Miles Kington: Larry's not happy. And as for Wally...

Why did they do it? My parents, I mean. They must have known that everyone would laugh
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The Independent Online

There must have been about 50 men in the room. They seemed cheerful enough, waiting for the chairman to start the proceedings, but when he stood up and introduced the first speaker, there was immediate silence and a certain apprehension.

"My name is Wallace," said the new speaker.

There was no reaction.

"My friends call me Wally," he said.

There was a sound, half chuckle, half sigh, from the gathering.

For we are at a meeting of NA. Which stands for "Names Anonymous". A group of people who get together to comfort each other about the names they had been given as children.

"I do not suffer much," said Wally. "People sometimes say 'Oh yes, a bit of a wally' or 'Well, you can't help being a wally, can you?', and it hurts, but I live with it. But it still hurts. Do you know the feeling?"

There was a low growl of assent. Another man stood up.

"My name is Charlie," he said. "My nickname at work is 'Proper'. I find this unfair. If you are a famous Charlie, you don't get called a proper Charlie. It didn't happen to Charlie Chaplin, or Charlie Watts, or ... or ..."

He searched for another Charlie.

"It might happen to Prince Charles," said someone.

There was laughter, until the chairman rapped the table.

"Order, order! One of the ground rules of Names Anonymous is that we don't make fun of anyone because of their name. If we succumb to the temptation, how can we blame other people for doing it?"

The ensuing silence was broken by another member.

"My name is Larry," he said. "You wouldn't think that caused me problems. Happy as Larry. Such a harmless expression, isn't it? But it has caused me endless grief. Every time I am feeling less than ecstatic, people say: Cheer up, Larry! Not as happy as Larry, are we? Must be some other Larry, then! I don't know who Larry was, but I could cheerfully murder him. Well, when I say 'cheerfully' ..."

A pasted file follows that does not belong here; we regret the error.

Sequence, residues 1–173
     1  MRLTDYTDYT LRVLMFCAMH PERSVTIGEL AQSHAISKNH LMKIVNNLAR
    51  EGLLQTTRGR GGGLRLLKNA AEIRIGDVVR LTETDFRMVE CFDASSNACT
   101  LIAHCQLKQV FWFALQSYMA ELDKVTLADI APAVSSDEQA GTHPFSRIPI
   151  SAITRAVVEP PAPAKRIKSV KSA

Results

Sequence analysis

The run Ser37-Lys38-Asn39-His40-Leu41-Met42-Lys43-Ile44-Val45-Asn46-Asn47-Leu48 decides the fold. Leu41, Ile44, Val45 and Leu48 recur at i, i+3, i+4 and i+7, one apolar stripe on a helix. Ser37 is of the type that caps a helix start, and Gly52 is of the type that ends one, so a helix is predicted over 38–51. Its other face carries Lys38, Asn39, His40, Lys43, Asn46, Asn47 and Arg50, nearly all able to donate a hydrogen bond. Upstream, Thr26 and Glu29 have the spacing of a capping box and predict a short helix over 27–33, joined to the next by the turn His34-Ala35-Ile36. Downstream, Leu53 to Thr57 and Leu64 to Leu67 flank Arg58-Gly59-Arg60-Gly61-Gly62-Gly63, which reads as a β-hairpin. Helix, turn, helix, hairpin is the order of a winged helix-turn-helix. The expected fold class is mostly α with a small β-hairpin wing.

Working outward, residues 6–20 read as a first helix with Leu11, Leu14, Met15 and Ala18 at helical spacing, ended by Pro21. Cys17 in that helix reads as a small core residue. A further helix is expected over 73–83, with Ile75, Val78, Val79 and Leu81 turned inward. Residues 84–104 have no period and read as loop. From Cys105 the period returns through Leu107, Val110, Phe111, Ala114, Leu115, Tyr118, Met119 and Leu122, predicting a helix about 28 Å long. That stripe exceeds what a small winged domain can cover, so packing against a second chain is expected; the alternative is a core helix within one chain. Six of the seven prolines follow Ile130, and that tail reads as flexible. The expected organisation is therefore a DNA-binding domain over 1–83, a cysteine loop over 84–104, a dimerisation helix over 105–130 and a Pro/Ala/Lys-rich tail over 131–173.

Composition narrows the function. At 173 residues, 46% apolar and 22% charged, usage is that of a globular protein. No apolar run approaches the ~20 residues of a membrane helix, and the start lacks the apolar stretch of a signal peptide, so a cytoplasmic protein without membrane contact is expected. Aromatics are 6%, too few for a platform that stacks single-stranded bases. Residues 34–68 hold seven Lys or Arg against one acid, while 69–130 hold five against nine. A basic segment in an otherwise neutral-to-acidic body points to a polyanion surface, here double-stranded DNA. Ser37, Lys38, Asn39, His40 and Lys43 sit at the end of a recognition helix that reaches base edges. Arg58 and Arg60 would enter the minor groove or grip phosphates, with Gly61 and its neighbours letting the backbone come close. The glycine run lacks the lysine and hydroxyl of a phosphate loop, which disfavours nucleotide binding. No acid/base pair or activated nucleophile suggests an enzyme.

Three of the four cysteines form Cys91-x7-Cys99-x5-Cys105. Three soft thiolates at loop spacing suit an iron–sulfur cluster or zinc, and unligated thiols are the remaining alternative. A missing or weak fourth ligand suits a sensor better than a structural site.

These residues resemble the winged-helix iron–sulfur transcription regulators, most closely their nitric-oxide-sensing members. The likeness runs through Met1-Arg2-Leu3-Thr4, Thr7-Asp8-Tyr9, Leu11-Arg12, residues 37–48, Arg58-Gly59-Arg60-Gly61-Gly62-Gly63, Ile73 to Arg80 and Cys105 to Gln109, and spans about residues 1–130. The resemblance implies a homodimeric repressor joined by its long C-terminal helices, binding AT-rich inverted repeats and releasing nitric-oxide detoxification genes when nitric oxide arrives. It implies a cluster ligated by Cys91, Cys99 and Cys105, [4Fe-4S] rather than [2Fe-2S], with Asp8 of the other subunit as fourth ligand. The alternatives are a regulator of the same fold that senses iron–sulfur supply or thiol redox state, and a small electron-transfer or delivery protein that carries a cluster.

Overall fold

"As a matter of interest," said the man called Charlie, "does the memory of Larry the Lamb cause you any problems?"

"With older people," said Larry, "you get the occasional bleating noise when they learn my name, but it's no big deal."

After Larry, there was a Herbert, and a Norman, and a Trev, but the most unusual one was a chap called Jack Robinson.

"Why did they do it?" he said. "My parents, I mean. They must have known. Before you can say 'Jack Robinson'. They must have known that everyone I met would have laughed and said the same thing. Every time. Everyone."

He looked miserable. He sat down. He was replaced by three men standing up together.

"I'm Tom," said the first.

"I'm Dick."

"I'm Harry."

Their timing was spot on. There was general laughter.

"Do you work as a team?" said the chairman.

"Quite often," said Tom.

"In pubs mostly," said Dick.

"It gets us a lot of free rounds," said Harry.

But the temporary air of jollity was dispelled when another new member stood up.

"My name is Head," he said.

People frowned.

"My full name is Richard Head."

Still they frowned.

"But people call me Dick."

Enlightenment dawned. There was a gasp of true horror...

Perhaps we should draw the veil there. But if you have a name which amuses people, why not get in touch with NA? There is also a women's branch, for anyone called Sharon, Nancy, etc.

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